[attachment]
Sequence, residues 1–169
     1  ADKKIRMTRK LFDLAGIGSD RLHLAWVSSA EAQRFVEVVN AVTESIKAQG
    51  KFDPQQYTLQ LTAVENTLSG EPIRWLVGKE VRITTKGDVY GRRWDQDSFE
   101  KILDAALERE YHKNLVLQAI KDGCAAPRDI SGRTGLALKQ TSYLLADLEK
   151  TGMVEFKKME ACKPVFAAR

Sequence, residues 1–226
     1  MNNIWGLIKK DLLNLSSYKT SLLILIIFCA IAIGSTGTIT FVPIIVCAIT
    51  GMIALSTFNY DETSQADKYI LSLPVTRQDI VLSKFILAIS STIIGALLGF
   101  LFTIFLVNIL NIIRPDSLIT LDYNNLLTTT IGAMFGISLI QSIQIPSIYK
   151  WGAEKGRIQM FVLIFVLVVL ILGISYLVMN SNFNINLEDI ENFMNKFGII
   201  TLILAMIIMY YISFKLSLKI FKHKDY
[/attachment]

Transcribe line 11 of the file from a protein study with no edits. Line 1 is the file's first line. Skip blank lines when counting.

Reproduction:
   201  TLILAMIIMY YISFKLSLKI FKHKDY